Liberia

Liberia’s President Ellen Johnson Sirleaf has been forced to backtrack on alleged comments published by the UK newspaper, The Guardian, which suggested she was opposed to gay rights. While holding a joint interview with former British Prime Minister Tony Blair in Monrovia, the president had been asked a question about an anti-gay Bill being debated by Liberian lawmakers. The Guardian reported Mrs Sirleaf as responding: 'We’ve got certain traditional values in our society that we would like to...read more

The International Federation of Journalists (IFJ) has called on President Ellen Johnson Sirleaf to make it her priority to protect the life of Mae Azango, a female reporter of Front Page newspaper who has been threatened for having published last week a story on the Sande society which practices Female Genital Mutilation (FGM) in Liberia. 'The threats made by the Sande society are unacceptable and a throw-back to dark ages of journalism which have no place in a modern democracy led by a fema...read more

A woman journalist has gone into hiding in Liberia after receiving threats over an expose she published on female genital mutilation (FGM). Mae Azango, who reports for the local daily FrontPage Africa and the international news website New Narratives, went into hiding after her article was published last week in which she reported two out of three girls were victims of FGM in certain parts of the country.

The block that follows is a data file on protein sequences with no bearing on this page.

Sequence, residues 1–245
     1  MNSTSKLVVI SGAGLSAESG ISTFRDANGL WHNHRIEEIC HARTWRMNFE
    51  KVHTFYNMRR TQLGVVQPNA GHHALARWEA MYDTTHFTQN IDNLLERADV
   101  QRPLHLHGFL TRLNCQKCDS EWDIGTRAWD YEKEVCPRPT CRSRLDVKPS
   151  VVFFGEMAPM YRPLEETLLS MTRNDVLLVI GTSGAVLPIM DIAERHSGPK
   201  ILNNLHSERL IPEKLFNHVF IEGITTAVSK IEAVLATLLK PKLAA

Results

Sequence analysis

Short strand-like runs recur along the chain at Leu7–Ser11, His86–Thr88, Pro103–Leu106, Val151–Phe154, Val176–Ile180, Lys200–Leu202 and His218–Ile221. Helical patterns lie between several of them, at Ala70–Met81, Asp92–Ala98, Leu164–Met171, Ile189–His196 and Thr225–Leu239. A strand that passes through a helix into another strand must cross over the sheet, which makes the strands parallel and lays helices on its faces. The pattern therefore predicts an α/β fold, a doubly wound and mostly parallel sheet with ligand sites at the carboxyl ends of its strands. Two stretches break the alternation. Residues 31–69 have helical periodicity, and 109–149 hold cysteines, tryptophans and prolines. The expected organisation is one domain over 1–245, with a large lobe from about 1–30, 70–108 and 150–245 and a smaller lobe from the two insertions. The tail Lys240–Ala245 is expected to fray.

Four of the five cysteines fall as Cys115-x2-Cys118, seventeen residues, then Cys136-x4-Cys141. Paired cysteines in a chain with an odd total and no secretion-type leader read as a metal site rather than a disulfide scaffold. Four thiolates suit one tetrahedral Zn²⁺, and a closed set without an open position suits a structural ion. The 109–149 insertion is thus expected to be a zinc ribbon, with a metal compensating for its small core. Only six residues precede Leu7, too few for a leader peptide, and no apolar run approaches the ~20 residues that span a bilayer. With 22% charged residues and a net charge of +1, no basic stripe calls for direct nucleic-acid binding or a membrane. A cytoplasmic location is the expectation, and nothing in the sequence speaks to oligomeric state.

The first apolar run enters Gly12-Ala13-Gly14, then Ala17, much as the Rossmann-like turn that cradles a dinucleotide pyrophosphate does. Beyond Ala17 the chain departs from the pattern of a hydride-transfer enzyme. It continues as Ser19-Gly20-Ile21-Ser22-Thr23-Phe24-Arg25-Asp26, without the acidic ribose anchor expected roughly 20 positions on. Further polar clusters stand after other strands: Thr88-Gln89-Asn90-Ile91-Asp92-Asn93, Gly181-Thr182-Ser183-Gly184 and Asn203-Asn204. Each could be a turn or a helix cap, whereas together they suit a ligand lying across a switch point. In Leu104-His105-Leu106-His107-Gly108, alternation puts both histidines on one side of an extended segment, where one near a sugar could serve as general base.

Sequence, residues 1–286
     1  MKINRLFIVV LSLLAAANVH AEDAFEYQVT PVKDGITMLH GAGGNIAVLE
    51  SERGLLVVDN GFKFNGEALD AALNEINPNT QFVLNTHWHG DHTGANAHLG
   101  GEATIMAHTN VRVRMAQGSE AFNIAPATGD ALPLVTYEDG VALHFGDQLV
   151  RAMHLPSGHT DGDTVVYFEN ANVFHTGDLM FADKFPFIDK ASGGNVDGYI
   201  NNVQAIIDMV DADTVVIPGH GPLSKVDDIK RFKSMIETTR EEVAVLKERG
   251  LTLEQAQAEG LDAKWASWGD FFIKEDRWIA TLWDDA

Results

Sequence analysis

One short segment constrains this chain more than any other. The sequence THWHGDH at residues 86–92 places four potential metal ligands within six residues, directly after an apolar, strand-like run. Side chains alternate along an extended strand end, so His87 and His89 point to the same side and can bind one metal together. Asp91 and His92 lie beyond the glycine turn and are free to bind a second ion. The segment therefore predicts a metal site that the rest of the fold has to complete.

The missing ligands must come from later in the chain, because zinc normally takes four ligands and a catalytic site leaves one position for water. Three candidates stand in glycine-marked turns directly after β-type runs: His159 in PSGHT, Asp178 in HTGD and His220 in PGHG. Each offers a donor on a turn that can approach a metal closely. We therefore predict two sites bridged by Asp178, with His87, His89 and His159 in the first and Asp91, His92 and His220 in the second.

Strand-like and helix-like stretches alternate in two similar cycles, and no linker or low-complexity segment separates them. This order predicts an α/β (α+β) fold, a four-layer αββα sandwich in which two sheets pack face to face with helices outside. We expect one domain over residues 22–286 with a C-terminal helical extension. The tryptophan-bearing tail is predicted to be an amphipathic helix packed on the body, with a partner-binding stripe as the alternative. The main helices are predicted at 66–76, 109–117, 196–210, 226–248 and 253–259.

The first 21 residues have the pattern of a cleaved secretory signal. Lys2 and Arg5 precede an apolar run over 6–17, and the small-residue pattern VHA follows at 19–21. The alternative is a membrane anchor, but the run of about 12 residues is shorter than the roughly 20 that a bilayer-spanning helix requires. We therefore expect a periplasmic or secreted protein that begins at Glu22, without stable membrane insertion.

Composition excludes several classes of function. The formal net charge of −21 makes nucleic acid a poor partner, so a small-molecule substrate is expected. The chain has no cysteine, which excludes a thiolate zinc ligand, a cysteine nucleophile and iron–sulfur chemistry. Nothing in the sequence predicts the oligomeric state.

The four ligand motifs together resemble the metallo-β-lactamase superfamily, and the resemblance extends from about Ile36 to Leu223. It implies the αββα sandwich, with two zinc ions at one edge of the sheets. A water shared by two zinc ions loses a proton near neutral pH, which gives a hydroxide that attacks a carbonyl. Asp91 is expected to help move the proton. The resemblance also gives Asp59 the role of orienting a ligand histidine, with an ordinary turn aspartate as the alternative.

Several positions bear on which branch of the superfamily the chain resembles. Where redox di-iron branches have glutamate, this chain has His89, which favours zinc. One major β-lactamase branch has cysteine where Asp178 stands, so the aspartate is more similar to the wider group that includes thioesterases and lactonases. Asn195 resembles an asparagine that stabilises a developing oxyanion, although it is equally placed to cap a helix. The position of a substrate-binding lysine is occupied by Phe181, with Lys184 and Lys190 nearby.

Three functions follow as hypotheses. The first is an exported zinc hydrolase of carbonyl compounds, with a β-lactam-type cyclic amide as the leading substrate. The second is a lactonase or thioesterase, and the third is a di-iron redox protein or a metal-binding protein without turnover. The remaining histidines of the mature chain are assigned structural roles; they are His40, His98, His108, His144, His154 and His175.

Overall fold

The Committee to Protect Journalists has called on Liberian authorities to ensure the safety of journalists who have been repeatedly threatened for exposing the practice of female genital mutilation in the country. Mae Azango, a reporter for the daily FrontPage Africa and the news website New Narratives, told CPJ she had gone into hiding after receiving several threats for an article she published about Liberian tribes practicing female genital mutilation on as many as two out of every three ...read more

The marginalization of indigenous communities during concession negotiations and project implementation has resulted in high tensions around a number of foreign direct investment projects in Liberia, says this report from Columbia University's Centre for Conflict Resolution that looks at the social impact of FDI. 'This tension has occasionally led to violence and other forms of social unrest, which could feasibly lead to conditions that might threaten peace in the country.'

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